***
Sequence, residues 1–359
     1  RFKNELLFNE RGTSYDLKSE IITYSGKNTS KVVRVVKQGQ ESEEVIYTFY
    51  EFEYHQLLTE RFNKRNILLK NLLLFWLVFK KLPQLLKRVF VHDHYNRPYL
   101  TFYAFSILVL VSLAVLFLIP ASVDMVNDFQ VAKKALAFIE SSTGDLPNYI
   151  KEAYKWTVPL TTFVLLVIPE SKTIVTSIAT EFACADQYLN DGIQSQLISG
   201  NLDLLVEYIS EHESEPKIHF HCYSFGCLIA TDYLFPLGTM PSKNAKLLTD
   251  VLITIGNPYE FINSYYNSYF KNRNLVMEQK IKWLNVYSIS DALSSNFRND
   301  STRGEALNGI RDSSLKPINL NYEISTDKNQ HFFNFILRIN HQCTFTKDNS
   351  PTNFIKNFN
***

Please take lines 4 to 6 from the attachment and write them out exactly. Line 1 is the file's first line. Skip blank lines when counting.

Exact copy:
   101  TFYAFSILVL VSLAVLFLIP ASVDMVNDFQ VAKKALAFIE SSTGDLPNYI
   151  KEAYKWTVPL TTFVLLVIPE SKTIVTSIAT EFACADQYLN DGIQSQLISG
   201  NLDLLVEYIS EHESEPKIHF HCYSFGCLIA TDYLFPLGTM PSKNAKLLTD